More needs to be done to vet organizations handling Social Security benefits on behalf of people with disabilities who are unable to manage their own money, government investigators say.

A report out this month from the Government Accountability Office finds severe gaps in how the Social Security Administration assesses the fitness of nonprofits, residential facilities and other organizations tasked with overseeing benefits.

Social Security does work to determine if organizations have enough staff to appropriately manage benefits for multiple people. In addition, the agency conducts onsite reviews of some organizational representative payees, GAO said.

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While individuals who serve as representative payees for a relative or friend must undergo background checks, there is no similar requirement for the key staff of organizational representative payees. And, investigators said that Social Security is lax about following up in cases where organizational representative payees have missing or problematic annual accounting forms.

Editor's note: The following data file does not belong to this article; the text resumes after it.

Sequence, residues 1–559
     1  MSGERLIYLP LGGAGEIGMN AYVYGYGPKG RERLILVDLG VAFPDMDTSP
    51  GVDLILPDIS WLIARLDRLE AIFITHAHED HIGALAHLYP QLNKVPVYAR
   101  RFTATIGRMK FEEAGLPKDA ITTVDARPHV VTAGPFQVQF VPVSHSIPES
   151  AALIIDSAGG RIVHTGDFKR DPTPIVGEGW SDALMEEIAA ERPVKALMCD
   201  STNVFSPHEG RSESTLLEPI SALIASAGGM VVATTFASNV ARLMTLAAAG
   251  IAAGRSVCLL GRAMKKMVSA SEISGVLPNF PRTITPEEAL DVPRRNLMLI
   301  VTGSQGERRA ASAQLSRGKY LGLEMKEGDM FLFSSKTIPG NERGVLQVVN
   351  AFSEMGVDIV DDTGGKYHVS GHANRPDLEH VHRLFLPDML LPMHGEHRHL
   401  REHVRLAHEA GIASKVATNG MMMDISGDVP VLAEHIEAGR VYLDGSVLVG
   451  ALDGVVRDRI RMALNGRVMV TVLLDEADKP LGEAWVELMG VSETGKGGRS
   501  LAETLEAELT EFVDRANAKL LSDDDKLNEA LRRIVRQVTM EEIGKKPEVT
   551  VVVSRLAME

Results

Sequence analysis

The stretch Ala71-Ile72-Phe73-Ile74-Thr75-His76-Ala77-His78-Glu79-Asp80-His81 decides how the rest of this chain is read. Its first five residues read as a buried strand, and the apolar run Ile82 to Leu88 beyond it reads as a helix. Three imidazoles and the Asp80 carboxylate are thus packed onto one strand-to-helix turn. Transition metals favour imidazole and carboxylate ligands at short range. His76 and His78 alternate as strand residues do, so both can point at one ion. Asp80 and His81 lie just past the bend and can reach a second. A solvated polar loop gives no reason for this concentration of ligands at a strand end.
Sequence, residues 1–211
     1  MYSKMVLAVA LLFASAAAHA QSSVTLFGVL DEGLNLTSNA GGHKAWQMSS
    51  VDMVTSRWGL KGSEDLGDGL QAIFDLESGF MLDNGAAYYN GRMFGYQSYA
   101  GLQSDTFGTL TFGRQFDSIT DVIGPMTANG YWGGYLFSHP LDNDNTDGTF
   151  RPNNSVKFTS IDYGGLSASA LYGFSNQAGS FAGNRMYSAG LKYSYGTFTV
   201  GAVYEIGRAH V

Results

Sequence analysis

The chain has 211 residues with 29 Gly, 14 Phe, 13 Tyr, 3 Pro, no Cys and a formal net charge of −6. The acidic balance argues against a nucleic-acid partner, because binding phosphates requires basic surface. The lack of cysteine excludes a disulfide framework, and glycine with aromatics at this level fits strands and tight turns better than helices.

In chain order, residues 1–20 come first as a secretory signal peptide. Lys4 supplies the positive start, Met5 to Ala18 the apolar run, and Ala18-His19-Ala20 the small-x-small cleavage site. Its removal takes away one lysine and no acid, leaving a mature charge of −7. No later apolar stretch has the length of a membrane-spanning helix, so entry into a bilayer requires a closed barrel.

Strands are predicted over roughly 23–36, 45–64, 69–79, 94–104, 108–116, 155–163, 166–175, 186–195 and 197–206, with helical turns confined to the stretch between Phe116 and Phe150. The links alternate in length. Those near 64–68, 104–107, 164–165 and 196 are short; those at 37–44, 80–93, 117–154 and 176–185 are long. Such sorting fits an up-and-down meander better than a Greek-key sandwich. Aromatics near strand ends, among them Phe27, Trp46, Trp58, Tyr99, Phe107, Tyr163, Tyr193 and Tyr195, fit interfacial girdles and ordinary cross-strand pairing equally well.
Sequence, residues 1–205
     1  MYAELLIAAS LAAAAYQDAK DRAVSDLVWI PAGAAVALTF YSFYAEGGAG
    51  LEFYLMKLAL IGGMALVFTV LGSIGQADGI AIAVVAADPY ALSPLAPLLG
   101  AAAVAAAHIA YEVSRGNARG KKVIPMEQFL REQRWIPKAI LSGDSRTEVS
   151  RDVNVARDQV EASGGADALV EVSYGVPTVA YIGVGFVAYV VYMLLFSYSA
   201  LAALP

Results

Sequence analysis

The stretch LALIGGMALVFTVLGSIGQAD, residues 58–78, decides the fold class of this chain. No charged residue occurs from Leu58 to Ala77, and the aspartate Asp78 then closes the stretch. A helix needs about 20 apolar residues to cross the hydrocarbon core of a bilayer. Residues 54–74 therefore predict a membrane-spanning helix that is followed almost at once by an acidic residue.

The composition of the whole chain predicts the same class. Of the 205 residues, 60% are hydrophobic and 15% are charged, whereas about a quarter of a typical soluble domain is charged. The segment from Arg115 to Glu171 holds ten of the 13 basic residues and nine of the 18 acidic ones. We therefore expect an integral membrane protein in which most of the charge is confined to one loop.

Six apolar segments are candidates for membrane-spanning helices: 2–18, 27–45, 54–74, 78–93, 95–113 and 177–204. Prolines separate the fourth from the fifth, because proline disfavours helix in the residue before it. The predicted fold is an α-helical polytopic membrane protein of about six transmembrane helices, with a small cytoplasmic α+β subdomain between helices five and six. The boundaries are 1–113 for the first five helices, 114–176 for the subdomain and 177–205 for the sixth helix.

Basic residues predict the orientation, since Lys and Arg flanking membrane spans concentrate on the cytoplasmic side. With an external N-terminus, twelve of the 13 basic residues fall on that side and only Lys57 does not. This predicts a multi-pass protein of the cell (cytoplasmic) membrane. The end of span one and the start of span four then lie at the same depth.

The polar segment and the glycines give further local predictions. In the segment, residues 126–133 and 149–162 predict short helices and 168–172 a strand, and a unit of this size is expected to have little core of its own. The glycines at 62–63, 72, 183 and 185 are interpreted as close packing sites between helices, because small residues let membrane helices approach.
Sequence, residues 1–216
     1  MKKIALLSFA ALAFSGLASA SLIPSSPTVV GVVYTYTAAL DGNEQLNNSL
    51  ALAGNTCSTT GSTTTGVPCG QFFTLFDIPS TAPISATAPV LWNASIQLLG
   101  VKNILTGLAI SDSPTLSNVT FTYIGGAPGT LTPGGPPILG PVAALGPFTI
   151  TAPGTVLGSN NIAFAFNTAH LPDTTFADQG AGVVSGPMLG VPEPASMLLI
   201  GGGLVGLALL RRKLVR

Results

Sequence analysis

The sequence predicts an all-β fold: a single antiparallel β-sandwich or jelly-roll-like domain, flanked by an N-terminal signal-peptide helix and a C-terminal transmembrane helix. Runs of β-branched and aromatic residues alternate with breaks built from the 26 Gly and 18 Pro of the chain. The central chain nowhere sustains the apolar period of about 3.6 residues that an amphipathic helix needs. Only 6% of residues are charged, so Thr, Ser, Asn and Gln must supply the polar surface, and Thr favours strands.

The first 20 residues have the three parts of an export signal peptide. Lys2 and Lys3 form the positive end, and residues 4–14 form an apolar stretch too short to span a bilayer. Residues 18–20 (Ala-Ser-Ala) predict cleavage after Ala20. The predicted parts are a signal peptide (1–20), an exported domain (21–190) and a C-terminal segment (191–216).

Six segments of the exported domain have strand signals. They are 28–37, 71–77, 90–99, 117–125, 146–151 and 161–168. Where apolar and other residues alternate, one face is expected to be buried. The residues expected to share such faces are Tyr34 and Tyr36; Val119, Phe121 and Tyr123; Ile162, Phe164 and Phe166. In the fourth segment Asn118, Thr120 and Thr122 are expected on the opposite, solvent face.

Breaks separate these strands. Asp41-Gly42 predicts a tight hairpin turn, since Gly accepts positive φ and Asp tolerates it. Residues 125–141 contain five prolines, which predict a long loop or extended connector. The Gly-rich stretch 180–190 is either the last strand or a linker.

The issue is significant, GAO noted, with more than 33,000 organizational representative payees serving about 952,000 Social Security beneficiaries in 2018.

“These beneficiaries are among the most vulnerable because, in addition to being deemed incapable of managing their own benefits, they lack family or another responsible party to assume this responsibility,” government investigators said in their report.

“Without clearer guidance, unqualified or ill-prepared organizational payees could be approved to manage benefits,” the report indicates.

GAO is recommending that Social Security take a number of steps including considering background checks, updating its accounting form and reviewing the model currently used to determine which organizational representative payees undergo onsite reviews. Social Security agreed with the recommendations and said it is continually working to improve protections for beneficiaries with representatives payees.